There are so many fun ESL games for kids, but it can be difficult to find perfect warm-up activities for children with limited English abilities. These are the children who may most benefit from some fun warm-up activities to help boost their confidence and increase their involvement and investment in the class.
Even very fluent students may be reluctant to participate in warm-up activities as they have often already had a long day of school and homework. Fatigue can be an even bigger issue for less fluent students; however, this is when warm-up activities are even more essential. They help to increase the energy level in the classroom and “wake students up.”¹ They can be an excellent way for teachers to wake themselves up, as well.
Warm-up Activities for ESL Students
- Alphabet Circle: Most students are familiar with the alphabet and can play the “Alphabet Circle” game. While online ESL students can’t form a physical circle, they can certainly create a virtual one and take turns thinking of a word for each letter of the alphabet. Teachers can help by using the annotate function to write the letters and words on the screen.
- Finish the Thought: If you’ve been struggling to get students to tell you about their day, the “finish the thought” activity can be a great option to encourage students to share. Begin with a sentence such as “I’m happy because…” or “Today my friend…” and have the students finish the sentences (Dixon).
- Song and Dance: For younger students, it can be especially helpful to have them physically involved in the class. Encourage them to dance or lead them in the song “Head, Shoulders, Knees and Toes” or another song with motions.
- Draw a Picture: Drawing a picture is a great way to involve even very young or shy students. Use the annotate function to draw a basic picture and have students guess what you are drawing (englishclub.com). Cat, dog, flower, and snowman are great for less fluent students.
- Categories: This is another fun game that doesn’t require a strong understanding of grammar. Have students take turns listing things that belong to a specific category (englishclub.com). Animals, places, and family members are all simple categories that are helpful to use with less fluent students.
- Use Images to Prompt Conversation: Having students describe or identify things in a picture is another great way to engage students who do not speak a lot of English. Choose a picture to share virtually and have students take turns describing the image. Prompt them to identify objects or colors in the picture, or if they are more fluent, have them create a story from the image. This can also be an excellent opportunity to introduce students to the game “I Spy.”
- What’s this? or What Does the Teacher Have?: For the very youngest and least familiar with English students you may find a simple game of “What’s this?” a great way to start the class. Just hold up toys and objects and have students identify them. Stuffed animals, flowers, and basic food items are obvious choices for this game. This game can also have “themes” for different seasons or holidays. Perhaps in December, you will want to play it with a toy Santa, a stocking, and a wrapped gift. If the students are unfamiliar with the objects you are showing them, you can use this as an opportunity to introduce a few new words as well.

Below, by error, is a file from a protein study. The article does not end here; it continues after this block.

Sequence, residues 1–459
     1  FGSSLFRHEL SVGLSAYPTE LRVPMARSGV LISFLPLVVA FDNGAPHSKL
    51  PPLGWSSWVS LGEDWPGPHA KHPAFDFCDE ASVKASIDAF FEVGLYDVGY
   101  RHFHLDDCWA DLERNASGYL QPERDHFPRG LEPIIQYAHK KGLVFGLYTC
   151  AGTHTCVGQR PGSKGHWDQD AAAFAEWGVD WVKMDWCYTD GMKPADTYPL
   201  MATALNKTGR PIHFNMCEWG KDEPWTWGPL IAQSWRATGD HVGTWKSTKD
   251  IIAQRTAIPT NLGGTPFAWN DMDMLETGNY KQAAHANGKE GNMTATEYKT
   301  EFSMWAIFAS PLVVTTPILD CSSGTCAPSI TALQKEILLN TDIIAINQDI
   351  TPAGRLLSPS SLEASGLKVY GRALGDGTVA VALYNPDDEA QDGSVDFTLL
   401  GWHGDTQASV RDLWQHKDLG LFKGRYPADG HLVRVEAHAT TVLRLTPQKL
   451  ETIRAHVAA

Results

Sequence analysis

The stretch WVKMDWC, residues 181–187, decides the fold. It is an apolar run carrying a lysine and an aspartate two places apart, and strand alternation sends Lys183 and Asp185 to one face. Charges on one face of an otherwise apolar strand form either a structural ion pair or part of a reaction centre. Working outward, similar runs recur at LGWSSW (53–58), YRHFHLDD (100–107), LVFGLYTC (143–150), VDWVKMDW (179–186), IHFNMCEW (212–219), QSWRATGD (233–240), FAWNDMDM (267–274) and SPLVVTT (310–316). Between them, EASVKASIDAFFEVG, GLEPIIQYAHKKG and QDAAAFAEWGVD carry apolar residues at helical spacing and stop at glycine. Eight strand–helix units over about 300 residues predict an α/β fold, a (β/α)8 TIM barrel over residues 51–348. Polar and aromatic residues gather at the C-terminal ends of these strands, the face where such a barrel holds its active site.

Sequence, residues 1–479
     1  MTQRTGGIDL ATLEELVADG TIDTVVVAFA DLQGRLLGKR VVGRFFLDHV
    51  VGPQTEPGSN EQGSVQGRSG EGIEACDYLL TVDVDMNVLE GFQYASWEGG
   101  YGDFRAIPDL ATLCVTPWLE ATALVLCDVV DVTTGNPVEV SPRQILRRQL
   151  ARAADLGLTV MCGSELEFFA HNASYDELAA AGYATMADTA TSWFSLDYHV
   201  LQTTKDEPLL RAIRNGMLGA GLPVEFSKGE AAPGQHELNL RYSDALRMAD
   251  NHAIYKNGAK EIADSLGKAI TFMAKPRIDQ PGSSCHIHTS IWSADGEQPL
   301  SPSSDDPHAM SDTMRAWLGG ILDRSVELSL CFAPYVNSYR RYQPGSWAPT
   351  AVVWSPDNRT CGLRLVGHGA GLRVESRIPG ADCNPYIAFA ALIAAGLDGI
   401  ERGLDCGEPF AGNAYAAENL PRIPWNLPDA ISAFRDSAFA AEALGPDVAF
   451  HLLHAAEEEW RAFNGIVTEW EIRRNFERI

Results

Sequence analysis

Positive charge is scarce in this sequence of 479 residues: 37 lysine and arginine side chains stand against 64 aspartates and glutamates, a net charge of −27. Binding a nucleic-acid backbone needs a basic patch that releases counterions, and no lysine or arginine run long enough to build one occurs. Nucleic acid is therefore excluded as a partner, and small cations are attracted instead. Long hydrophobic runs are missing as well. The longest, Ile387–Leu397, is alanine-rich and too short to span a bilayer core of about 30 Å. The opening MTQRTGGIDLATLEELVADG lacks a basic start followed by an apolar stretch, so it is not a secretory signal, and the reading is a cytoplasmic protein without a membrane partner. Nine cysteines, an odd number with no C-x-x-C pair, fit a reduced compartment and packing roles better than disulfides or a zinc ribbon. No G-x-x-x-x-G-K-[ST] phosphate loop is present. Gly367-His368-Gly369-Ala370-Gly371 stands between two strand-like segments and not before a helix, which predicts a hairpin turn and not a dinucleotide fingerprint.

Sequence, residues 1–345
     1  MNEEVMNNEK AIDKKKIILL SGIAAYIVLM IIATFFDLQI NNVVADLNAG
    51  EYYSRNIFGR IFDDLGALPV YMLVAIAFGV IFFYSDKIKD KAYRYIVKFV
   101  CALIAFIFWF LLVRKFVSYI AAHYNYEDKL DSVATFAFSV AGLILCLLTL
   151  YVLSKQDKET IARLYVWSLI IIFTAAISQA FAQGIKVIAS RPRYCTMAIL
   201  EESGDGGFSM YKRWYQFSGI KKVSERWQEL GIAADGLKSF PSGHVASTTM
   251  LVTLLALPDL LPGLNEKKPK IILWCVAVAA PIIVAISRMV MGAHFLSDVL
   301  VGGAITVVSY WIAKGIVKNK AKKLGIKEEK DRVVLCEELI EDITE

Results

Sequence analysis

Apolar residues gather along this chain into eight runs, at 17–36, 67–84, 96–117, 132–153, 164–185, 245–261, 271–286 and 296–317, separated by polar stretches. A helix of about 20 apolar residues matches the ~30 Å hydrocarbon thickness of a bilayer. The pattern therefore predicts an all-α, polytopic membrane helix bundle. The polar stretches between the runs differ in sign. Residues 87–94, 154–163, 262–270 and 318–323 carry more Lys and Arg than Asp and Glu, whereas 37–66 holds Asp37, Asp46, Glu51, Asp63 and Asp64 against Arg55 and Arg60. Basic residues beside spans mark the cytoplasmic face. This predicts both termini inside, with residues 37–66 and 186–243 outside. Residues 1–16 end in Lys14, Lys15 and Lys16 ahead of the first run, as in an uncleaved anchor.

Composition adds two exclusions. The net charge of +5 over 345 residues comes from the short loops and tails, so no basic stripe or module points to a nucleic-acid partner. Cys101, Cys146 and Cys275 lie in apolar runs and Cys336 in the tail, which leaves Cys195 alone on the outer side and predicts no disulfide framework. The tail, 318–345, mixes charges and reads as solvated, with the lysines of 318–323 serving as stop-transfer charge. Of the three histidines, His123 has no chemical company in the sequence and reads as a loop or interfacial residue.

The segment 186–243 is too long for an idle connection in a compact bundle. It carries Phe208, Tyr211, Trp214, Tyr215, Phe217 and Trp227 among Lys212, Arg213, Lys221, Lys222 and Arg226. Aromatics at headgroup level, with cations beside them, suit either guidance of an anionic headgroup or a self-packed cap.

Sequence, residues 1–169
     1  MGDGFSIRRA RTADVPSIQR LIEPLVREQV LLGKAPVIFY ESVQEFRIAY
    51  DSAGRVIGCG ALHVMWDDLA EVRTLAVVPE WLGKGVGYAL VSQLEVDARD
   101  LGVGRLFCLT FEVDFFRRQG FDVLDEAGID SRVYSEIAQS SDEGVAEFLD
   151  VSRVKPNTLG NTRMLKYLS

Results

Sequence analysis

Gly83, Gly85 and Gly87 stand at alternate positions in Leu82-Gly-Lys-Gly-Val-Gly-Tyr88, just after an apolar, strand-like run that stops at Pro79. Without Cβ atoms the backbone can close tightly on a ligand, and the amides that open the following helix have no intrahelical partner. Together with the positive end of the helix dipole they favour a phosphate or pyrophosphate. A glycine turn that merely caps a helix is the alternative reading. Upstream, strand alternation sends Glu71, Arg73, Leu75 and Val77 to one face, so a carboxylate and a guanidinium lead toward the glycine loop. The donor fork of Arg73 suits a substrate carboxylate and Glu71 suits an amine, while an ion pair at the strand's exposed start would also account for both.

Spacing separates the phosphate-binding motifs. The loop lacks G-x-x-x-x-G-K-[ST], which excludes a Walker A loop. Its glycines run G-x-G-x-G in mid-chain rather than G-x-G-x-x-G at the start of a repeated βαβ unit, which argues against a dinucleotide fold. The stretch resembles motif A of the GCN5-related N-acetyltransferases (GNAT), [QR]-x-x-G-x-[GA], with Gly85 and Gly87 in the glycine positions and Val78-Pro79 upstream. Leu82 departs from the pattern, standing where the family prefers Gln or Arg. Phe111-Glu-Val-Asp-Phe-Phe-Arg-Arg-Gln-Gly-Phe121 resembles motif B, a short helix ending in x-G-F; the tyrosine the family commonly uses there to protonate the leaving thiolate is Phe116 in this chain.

Tips and Tricks for Less Fluent English Speakers
When doing a warm-up activity with students with limited familiarity with English, you may need to show them an example of the types of answers you are looking for. A puppet or other stuffed animal can be a great assistant for modeling. Ask the puppet the question first and then have it answer. You can even use a silly voice for the puppet if you think your students are open to a little silliness. You may also want to type the question on the screen. Some students are more confident with written English than spoken English. This may be especially true if the students have not met you before and are not familiar with your accent.
Not every activity is a perfect fit for every class, and even with the best strategies, you may not get the level of engagement for which you hoped. Consider keeping notes on what English language games were most successful for which classes and what seemed to confuse students. While it can feel demoralizing if students don’t respond well to a warm-up activity, it doesn’t mean the class is doomed. Put on a smile and move onto the next part of the lesson.
Warm-up activities can be a great way to start a class and increase student engagement. Even less fluent students will be able to enjoy these ESL speaking activities. Engaging students with these activities can help improve rapport and enthusiasm throughout the whole class.
Citations for Warm-up Activities for Less Fluent ESL Students
1 Dixon, Graham. “Warming Up: 8 Great Warmers for Any ESL Level.” Busy Teacher, March 27, 2014. https://busyteacher.org/19262-8-great-warmers-for-any-esl-level.html.
Lauren Krystaf has been teaching with ALO7 since 2017 and loves having the opportunity to teach English from anywhere with an internet connection. She enjoys traveling, reading, hiking, and spending time with her family.
Lauren has a bachelor’s degree in Anthropology from SUNY Buffalo and a master’s degree in Library and Information Science from Drexel University. She also has a 120 hour TESOL certificate. Lauren is a member of the Phi Beta Kappa and Beta Phi Mu honor societies.